Yet operators Tidal Lagoon Power (TLP) disagree, saying they had previously asked for a 90-year contract with the UK government with an average strike price of £89.90 per megawatt hour. The new nuclear power station at Hinkley Point C in Somerset was given a strike price of £92.50/MWh for 35 years.

It begins to look as if, for whatever reason, the UK government just doesn’t want tidal energy, or maybe it’s tidal energy in Wales it doesn’t want. Either way, it looks as if the project is dead. However . . . if the ‘Welsh’ Government’s money can bring down the strike price it might be difficult for London to remain intransigent.

The announcement later this week will be Mrs May lobbing the ball into Carwyn’s court. It’ll then be up to him how he plays it.

Will it be a thundering cross-court volley leaving Theresa May sprawling? Might it be an elegant backhand drawing oohs and aahs from the sun-drenched crowd? Or will he stumble and smash it into the net, as usual?

♦ end ♦

  26 Responses to “Bits & Pieces 04.06.2018”

  1.  

    When Arlene Foster said she’d not stay in Ireland if it was United (granted she may have little choice in that decision anyway) I thought myself that they dump them on the conveyor belt into Wales. I’m sure Unionist parties would love the reinforcements.

    But then again I don’t see Wales being won in the political arena anyway – not until there’s a truly clear divide between all kinds of Welsh and Anglo-Britishness.

    •  

      You may have missed these charming and articulate Rangers supporters, one of whom, before IndyRef 2014, was threatening to move to Wales.

    •  

      Ahh I remember that but I’m not a football fan so it may not have registered with me. Learn something every day.

  2.  

    the 2nd of your bits – relating to the colonial economic model – drew my attention, particularly in that it talks about this marketing curiosity “bottled water”. Much as I like indigenous businesses to survive and prosper I find it hard to square the circle with water. It’s a free good, it falls to earth and flows in streams or aquifers and we collect or extract it for the multitude of purposes that it serves. Then along comes some bright spark and promotes the idea of packaging it in a bottle and flogging it at stupendous margins to thirsty people on the move and particularly those mugs who derive some fashion/lifestyle attribute from being seen bottle in hand.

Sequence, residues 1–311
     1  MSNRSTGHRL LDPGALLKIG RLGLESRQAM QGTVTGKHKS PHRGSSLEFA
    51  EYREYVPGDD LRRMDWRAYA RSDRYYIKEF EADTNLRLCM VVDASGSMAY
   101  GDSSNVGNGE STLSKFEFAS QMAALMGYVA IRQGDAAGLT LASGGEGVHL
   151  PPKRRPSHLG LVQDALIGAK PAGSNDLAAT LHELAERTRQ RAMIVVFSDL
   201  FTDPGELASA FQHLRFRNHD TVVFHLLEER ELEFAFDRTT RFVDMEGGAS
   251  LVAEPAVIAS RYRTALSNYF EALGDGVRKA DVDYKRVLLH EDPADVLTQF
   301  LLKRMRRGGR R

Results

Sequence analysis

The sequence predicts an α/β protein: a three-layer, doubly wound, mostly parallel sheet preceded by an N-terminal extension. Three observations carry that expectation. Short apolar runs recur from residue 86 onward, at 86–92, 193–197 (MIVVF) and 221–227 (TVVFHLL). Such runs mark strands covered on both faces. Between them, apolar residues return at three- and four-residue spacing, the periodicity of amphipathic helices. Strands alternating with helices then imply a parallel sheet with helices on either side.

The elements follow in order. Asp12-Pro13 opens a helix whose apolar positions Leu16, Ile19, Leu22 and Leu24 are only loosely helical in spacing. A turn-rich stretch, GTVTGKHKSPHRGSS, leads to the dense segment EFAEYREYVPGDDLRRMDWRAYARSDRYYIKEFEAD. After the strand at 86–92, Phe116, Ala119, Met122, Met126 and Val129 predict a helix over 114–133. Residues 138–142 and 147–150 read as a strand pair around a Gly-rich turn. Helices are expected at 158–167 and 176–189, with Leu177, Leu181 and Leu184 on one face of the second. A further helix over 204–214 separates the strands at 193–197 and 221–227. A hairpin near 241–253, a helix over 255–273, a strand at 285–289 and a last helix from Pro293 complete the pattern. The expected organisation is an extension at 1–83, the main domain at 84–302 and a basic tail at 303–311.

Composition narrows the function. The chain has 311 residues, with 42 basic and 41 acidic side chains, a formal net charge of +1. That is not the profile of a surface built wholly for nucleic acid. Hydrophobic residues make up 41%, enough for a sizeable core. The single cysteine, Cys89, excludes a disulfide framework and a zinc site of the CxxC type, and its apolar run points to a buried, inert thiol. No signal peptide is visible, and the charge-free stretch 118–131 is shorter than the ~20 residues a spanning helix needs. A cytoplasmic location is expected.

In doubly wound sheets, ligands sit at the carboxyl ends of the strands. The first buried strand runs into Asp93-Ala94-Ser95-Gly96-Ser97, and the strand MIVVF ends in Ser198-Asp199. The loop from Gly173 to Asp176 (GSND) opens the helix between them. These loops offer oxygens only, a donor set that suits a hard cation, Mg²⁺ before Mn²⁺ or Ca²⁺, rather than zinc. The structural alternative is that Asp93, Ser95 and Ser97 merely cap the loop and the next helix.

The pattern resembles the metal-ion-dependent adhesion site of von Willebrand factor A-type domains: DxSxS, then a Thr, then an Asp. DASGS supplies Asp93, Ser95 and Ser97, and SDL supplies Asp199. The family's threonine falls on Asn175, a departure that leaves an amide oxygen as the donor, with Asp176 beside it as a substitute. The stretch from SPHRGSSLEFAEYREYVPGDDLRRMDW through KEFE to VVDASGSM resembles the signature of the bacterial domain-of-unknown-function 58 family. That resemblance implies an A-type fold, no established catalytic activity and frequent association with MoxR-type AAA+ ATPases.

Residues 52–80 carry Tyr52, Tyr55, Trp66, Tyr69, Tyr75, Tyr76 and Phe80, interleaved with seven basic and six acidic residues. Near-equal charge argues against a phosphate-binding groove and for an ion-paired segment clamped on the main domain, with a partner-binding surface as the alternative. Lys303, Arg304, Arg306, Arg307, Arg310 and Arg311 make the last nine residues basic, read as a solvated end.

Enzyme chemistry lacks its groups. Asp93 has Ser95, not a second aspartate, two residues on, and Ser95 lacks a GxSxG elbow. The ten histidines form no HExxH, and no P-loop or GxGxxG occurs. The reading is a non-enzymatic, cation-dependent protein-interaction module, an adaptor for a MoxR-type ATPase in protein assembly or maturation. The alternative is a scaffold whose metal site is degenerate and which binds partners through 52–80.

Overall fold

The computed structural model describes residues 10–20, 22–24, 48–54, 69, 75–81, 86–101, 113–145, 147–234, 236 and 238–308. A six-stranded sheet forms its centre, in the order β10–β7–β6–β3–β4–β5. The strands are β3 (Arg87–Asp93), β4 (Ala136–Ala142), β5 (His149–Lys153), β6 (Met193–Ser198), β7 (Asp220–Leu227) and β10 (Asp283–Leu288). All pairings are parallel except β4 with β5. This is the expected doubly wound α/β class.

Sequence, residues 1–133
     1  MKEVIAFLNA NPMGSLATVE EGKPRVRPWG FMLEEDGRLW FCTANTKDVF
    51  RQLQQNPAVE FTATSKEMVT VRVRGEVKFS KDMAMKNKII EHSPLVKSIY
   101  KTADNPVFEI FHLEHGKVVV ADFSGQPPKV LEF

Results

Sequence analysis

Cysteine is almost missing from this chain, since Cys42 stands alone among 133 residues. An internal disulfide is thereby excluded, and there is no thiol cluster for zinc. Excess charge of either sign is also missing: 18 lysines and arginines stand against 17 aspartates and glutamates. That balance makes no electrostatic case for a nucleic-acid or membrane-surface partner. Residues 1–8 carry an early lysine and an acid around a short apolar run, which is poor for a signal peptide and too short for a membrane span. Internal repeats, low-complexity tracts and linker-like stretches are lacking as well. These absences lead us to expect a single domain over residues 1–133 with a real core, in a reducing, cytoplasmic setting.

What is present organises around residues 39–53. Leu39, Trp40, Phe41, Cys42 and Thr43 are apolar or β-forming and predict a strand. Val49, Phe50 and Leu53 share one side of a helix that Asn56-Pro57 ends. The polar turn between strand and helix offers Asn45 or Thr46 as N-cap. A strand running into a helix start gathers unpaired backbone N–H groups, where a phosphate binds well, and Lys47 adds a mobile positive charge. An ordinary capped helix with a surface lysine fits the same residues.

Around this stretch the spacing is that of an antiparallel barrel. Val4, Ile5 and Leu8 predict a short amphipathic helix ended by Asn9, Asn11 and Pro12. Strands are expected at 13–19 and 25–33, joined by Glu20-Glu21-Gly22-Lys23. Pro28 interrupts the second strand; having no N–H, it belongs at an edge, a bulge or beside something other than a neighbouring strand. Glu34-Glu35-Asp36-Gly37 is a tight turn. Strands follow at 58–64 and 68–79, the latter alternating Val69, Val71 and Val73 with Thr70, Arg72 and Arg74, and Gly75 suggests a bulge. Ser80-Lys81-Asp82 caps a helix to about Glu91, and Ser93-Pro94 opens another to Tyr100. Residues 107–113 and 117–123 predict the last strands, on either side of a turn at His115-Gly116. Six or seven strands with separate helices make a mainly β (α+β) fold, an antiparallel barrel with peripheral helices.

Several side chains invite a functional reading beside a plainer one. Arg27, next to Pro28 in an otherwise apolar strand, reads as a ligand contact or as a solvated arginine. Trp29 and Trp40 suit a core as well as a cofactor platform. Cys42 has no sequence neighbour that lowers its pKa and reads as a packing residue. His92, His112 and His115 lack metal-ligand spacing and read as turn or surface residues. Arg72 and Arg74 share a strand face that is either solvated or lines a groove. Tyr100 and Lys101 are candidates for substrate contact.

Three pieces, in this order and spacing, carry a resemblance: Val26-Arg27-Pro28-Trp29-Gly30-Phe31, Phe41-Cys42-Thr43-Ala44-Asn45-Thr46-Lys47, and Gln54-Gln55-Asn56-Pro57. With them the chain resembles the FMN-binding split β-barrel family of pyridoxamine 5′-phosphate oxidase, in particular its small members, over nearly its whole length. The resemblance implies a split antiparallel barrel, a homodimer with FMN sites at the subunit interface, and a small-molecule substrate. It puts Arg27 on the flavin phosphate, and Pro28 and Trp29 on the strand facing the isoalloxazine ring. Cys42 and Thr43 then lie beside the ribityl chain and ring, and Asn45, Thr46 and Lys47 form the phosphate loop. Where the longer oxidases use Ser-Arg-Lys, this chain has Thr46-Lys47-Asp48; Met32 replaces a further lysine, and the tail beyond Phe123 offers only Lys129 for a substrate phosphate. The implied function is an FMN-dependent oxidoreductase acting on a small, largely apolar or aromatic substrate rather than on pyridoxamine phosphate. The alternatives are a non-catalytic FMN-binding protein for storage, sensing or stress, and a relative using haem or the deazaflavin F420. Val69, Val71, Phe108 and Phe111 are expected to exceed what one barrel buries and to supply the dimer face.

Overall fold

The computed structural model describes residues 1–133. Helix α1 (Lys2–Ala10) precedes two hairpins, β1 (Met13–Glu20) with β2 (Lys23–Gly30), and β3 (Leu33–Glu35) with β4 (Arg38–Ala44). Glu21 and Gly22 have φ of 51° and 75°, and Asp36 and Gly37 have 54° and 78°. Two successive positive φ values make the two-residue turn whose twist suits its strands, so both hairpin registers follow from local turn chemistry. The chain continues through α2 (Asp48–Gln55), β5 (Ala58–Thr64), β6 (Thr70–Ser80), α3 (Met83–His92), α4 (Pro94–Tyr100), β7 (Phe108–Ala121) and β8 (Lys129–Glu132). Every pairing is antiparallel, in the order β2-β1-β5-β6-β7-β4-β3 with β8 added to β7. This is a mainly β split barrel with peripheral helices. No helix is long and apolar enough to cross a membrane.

Princes Gate on its own doesn’t excite me that much, though they have already agitated some feelings down in De Penfro. However once the likes of Nestle move in you can expect rules to be pushed to their limits and beyond and when the aquifer runs low they will fill up from a tap, add required minerals/chemicals and carry on business as usual. Another venture, Ty Nant, was absorbed a few years ago by a multinational as was one based near Trap, near Castell Cennen. So any arguements about the virtues of indigenous owners go out of the window, profits get transferred in line with “tax-efficient” globalist strategy and the business at local level is just another satellite vulnerable to the whims of market fashions and cost control.

    At times I see these multinational corporates with interests in marketing of water products as being no better than the water utility companies who just take what they want and ship it to England. Indeed had those water utilities remained in public ownership I would have had little argument with them other than the need for an all Wales water company to collect stock, manage reserves and bi-products (like hydro power ), supply the whole country and sell its surplus to English authorities at a fair economic price. But privatisation took care of that with assets disappearing off into all sorts of holding companies and plc’s. Today’s corporate executives are much more engrossed in finding new ways to drive the share price, secure “reward packages” than to be bothered by what happens to “dwr o’r ffynnon”.

    That this has happened right under our noses is a disgrace because believe me the day when water is more important than oil is not that far away. Indeed it may already be with us in some parts of the world and may be a factor soon in driving migratory patterns. And of course as soon as a thirsty “person of colour” arrives in merrie England the Sais will be hurdling Clawdd Offa in even greater numbers.

    •  

      If it could be done, and if they could get away with it, there are companies and individuals who would charge us for the air we breathe.

    •  

      It’s already happening Jac and it’s called railways in UKBritain where they sell you a ticket from A to B then the train doesn’t turn up, or it turns up but doesn’t travel the full distance to its scheduled destination and the concept of “failing to deliver” is avoided at all costs ! Bunch of criminal deadlegs and opportunists, all underwritten by government. Yet another example of profits flowing into the private sector while any losses or liabilities get picked up by the public purse. And Labour approves of this scam and many others like it.

    •